The bigger the bird, the higher the meat-to-bone ratio. You'll want at least 12 ounces of meat per person, which will come out to about 2 pounds of raw, bone-in bird for a small turkey, and about 1 1/2 pounds raw bone-in bird for a larger one. It also helps to be flexible.

As Joshua and Jessica Applestone note in their book The Butchers' Guide to Well-Raised Meat,

"You cannot tell by looking at a young bird how big it will be, and you cannot stop it from growing until you slaughter sell fresh birds means slaughtering mere days before Thanksgiving, five at most, between a typical Saturday slaughter and a Wednesday pickup."

If you order a 12-pound bird, you might not have the means (or oven size) to take a 30-pound bird instead, but expect a window of say, 2 to 4 pounds between what you order and what you get. Being a lover of cold turkey sandwiches, I never mind extras, and you can always send home care packages with your guests. But if the specter of weeks of turkey tetrazzini wakes you in a cold sweat, order smaller.

Marin Sun Farms Broad Breasted Bronze and heritage turkeys are pasture-raised. Photo: courtesy Marin Sun Farms
Marin Sun Farms Broad Breasted Bronze and heritage turkeys are pasture-raised. Photo: courtesy Marin Sun Farms

Free Range vs Pasture-Raised

As with chickens, and eggs, "free range" and "pasture-raised" mean two different things. Free-range birds are not confined in individual cages, and they have access to the outdoors. Pasture-raised birds, by contrast, spend most of their days outside, usually rotating to a new field every few days. At night, they typically roost in mobile poultry pens to keep them safe from predators. Pasture-raised turkeys also have a more natural diet, since they're able to supplement their grain-based feed with plants and high-protein bugs and bug larvae found in the fields. Organic turkeys are raised free-range, are kept free of antibiotics, and are raised on organically grown feed.

What about Breeds?

The typical supermarket bird, the Broad-Breasted White, is just that: a bird that's been bred as the Carol Doda of turkeys. These birds offer what supermarkets think Americans like: lots and lots of very mild white breast meat. Since the 1960s, these have been the dominant — and in many places, the only — turkey breed in the U.S. Heritage breeds, by contrast, are breeds that were popular during the nineteenth century up through the 1930s. These breeds are now experiencing a renaissance, much like heirloom vegetables. They are closer in style to wild turkeys, offering more dark meat, a little more chew and typically, more flavor as well. Heritage breeds grow slowly, part of the reason for their high price. A typical heritage bird needs up to 28 weeks of care and feeding to reach its finished weight.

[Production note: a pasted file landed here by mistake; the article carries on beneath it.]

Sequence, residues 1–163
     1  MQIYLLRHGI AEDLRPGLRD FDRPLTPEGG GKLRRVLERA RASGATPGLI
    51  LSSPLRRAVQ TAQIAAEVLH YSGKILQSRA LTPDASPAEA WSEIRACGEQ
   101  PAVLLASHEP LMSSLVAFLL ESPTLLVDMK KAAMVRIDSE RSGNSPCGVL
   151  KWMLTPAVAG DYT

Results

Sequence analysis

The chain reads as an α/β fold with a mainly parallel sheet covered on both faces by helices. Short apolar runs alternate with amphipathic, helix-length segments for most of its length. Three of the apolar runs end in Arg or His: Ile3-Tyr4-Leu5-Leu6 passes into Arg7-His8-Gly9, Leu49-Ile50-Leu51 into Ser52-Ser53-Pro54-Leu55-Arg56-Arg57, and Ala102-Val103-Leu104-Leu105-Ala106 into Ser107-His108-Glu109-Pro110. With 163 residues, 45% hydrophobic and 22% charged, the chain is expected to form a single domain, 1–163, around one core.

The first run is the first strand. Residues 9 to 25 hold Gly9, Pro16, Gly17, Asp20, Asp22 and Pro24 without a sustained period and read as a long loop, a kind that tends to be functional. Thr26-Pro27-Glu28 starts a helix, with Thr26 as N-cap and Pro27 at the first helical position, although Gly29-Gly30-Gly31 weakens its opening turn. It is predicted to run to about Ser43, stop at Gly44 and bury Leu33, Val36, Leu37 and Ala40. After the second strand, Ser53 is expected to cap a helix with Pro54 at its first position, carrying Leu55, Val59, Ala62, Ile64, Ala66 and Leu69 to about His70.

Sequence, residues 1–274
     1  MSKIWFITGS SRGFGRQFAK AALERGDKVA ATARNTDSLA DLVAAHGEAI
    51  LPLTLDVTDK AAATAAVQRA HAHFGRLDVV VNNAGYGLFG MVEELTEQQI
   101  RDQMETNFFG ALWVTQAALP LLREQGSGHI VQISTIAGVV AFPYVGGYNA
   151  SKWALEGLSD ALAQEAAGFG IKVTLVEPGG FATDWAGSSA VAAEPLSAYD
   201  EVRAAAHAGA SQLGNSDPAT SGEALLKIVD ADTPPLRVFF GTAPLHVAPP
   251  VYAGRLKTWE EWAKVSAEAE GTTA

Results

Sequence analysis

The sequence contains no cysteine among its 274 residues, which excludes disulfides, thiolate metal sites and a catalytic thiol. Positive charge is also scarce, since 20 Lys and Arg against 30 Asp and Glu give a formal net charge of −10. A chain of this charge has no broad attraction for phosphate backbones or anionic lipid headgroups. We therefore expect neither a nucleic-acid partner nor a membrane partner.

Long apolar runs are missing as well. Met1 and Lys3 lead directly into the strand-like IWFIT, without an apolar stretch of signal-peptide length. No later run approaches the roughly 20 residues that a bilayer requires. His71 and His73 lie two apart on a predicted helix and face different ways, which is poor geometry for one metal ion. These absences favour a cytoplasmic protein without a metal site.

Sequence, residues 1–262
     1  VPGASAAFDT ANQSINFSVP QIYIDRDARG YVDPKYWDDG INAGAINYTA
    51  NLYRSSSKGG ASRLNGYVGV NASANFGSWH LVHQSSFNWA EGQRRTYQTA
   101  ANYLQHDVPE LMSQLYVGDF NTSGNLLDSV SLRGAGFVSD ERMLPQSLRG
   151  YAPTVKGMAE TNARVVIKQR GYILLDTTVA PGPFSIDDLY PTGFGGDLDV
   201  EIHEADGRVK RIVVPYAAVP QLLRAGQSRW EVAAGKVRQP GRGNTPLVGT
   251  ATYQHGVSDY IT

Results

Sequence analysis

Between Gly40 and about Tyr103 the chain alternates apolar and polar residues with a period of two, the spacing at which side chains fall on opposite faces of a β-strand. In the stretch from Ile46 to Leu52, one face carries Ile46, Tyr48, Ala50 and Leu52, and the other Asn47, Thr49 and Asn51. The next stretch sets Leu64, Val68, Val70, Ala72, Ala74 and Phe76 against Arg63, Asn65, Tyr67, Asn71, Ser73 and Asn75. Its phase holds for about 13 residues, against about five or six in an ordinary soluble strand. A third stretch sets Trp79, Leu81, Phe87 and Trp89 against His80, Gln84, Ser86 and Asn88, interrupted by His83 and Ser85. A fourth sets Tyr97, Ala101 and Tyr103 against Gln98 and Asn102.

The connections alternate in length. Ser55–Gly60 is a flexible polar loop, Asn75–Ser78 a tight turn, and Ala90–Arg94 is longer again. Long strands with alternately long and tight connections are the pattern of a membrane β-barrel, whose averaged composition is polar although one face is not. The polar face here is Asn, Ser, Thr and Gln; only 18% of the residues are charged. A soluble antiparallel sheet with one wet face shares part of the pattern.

All well and good, but if you have a houseful of white-meat-only eaters, splurging on a heritage bird may leave a lot of dark meat on the platter.

Order Ahead


Once you've decided on the type of bird you'd like, order ahead. Procrastination is no friend to the turkey buyer. Most independent butcher shops contract with local ranchers for a certain number of birds. Remember, it can take up to 28 weeks to raise a turkey to roasting size. if you've got your heart set on getting a bird of a particular breed or provenance, placing your order several weeks ahead will spare both you, and your butcher shop, from boiling over with last-minute turkey-sourcing stress. Also, remember that four-pounds-a-day thawing rule; you can't buy a rock-hard frozen turkey on November 27 and expect it to be ready to roast the next morning.

  • Pre-ordering at The Local Butcher Shop is a must, as they only order a few extra. They'll be taking orders now through November 16, either in person, online, or by phone.
  • Reserve your Heritage Turkey Project turkey (with a $40 deposit) from Slow Food Russian River by mail. Print out the order form from the Slow Food Russian River blog.
  • Belcampo is selling organic turkey (Heritage Turkey) online through their shop.
  • Fatted Calf will take turkey orders by phone or over email at either store.
  • Marin Sun Farms is taking orders by email with pickups in Oakland and Point Reyes.